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1 Billion Dollar Stryker Hip Settlement Progresses

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Morgan Crider2 years ago

After settling thousands of liability lawsuits regarding a pair of recalled metal-on-metal hip implants, Stryker has announced it will be moving forward with its one billion dollar settlement.

Details about the Stryker Settlement

Last year Stryker received thousands of liability lawsuits and has now developed a settlement plan to compensate all patients who were affected by metal-on-metal hip implants, according to Mass Device.

Stryker originated in Kalamazoo, Michigan and it is an orthopedics based medical technology company.  The company reported that 95% of the patients who were affected by the Rejuvenate and ABG II implants recall have signed up for the settlement plan. They will be compensated for any correctional surgeries that they were required to have due to the recall.

Each claim will be evaluated independently and the terms of the compensation will be decided from there Stryker has reported. The payments are expected to begin in July 2015 and be complete by fall 2015.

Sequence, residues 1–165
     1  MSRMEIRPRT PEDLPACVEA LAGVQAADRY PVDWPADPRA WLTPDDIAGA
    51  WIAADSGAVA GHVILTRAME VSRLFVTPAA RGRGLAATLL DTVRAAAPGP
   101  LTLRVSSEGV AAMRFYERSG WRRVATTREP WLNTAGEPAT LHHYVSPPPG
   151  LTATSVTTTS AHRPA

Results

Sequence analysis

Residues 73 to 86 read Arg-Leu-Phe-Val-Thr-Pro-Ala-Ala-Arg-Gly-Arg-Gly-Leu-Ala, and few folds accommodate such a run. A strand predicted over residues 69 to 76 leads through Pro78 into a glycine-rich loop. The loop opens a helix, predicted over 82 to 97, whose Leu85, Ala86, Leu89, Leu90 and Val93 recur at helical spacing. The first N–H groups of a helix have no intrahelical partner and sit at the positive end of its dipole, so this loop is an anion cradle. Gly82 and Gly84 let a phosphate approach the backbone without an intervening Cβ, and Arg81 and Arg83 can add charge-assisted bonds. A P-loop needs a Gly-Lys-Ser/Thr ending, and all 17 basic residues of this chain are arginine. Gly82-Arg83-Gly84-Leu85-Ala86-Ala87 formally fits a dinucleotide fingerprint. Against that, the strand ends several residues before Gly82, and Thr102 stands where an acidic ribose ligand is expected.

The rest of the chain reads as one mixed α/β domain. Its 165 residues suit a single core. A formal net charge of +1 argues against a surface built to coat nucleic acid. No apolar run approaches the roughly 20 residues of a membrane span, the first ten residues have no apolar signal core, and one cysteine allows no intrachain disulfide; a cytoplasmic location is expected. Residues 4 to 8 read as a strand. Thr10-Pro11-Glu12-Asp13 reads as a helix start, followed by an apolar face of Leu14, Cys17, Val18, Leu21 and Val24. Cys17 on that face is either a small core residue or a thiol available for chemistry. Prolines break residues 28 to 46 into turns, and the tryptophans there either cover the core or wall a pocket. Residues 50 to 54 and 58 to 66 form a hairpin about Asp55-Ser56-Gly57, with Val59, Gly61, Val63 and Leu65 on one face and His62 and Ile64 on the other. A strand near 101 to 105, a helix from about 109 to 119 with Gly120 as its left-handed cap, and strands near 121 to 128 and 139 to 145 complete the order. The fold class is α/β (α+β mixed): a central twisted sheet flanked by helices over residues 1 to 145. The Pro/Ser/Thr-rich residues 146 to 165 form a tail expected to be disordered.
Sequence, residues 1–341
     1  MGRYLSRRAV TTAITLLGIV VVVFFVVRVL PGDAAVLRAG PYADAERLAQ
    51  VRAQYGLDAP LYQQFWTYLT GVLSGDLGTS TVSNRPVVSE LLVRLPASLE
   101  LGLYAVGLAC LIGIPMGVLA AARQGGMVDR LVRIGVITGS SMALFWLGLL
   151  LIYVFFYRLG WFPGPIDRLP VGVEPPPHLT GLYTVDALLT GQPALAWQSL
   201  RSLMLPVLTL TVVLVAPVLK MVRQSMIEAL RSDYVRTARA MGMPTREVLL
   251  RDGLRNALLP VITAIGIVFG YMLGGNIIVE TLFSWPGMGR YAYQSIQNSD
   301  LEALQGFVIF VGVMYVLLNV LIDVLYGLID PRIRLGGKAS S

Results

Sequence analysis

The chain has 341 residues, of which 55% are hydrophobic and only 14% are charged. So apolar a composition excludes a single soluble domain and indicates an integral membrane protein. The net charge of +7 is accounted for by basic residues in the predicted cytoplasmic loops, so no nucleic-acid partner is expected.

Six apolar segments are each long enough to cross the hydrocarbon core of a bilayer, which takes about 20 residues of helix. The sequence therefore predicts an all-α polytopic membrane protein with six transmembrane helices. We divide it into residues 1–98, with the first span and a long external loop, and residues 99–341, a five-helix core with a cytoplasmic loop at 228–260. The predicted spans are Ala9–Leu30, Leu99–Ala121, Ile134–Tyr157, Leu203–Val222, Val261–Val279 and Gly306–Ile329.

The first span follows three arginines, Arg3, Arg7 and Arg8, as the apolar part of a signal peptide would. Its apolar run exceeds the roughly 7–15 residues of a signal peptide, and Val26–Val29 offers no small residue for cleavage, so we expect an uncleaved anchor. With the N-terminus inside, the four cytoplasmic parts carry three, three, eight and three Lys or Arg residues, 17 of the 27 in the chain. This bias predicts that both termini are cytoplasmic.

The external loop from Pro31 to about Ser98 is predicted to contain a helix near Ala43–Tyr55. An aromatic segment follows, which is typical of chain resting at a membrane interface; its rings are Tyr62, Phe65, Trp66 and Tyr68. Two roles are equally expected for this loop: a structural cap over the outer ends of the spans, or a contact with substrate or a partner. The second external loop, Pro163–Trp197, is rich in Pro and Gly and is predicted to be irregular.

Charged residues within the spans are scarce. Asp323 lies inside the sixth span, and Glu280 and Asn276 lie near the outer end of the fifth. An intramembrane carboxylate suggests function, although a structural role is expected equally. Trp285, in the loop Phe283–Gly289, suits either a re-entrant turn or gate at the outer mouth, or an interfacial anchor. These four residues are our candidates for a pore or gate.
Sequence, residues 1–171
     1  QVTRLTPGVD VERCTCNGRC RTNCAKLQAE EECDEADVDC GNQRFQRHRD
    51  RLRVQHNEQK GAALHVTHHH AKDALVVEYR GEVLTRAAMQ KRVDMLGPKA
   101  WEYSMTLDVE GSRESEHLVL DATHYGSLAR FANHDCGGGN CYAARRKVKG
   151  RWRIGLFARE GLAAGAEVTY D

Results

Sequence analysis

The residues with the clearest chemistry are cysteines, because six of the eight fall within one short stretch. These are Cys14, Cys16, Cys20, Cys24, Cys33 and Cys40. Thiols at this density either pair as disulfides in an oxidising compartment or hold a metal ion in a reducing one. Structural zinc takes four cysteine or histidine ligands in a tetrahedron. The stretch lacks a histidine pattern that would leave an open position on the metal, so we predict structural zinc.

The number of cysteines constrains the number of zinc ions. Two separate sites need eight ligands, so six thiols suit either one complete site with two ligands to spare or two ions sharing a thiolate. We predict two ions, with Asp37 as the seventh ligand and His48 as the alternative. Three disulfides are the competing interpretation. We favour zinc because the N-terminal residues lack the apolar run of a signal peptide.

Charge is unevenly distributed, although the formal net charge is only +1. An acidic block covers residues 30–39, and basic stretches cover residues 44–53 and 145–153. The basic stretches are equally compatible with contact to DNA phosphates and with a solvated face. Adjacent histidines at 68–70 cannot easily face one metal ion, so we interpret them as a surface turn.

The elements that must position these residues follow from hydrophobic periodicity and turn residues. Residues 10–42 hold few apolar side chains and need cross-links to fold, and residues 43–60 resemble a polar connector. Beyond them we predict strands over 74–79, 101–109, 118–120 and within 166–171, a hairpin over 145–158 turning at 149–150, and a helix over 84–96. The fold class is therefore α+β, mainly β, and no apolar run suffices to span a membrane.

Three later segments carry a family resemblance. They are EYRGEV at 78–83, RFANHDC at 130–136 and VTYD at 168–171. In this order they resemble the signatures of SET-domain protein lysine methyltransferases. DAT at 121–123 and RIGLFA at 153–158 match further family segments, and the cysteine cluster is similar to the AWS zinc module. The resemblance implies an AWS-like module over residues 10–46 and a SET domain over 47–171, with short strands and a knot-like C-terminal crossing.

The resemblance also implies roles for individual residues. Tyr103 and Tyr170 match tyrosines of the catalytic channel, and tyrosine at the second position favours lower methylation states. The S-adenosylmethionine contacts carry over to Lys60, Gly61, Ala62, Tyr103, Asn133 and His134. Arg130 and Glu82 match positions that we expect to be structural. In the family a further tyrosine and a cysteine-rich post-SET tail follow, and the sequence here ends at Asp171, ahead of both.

Judge Donovan Frank of the U.S. District Court for Minnesota announced the settlement program on November 4th, 2014. Judge Frank has overseen close to 1,800 lawsuits filed regarding the Rejuvenate and ABG II devices. Another judge in New Jersey is currently overseeing 2,100 cases about the products.

Stryker had not admitted to any liability or wrongdoing in the settlement. The details of the settlement include each plaintiff receiving up to $300,000 for each implant.

Information on the Rejuvenate Modular and ABG II Implants

In July 2012, Stryker recalled a pair of hip implants after concerns were brought to attention that the implants might be prone to “fretting and/or corrosion at or about the modular-neck junction”. This can lead pain, swelling, and other reactions around surrounding tissue according to the recall report.  

Stryker has chosen to stop global production of the devices after discovering the health hazards occurring in post-market surveillance data.  The main concern is the corrosion of the module’s neck junction.

The job of the modular neck stem is that it allows health care professionals to more efficiently reproduce a patient’s natural hip geometry according to a Stryker report from 2012. 


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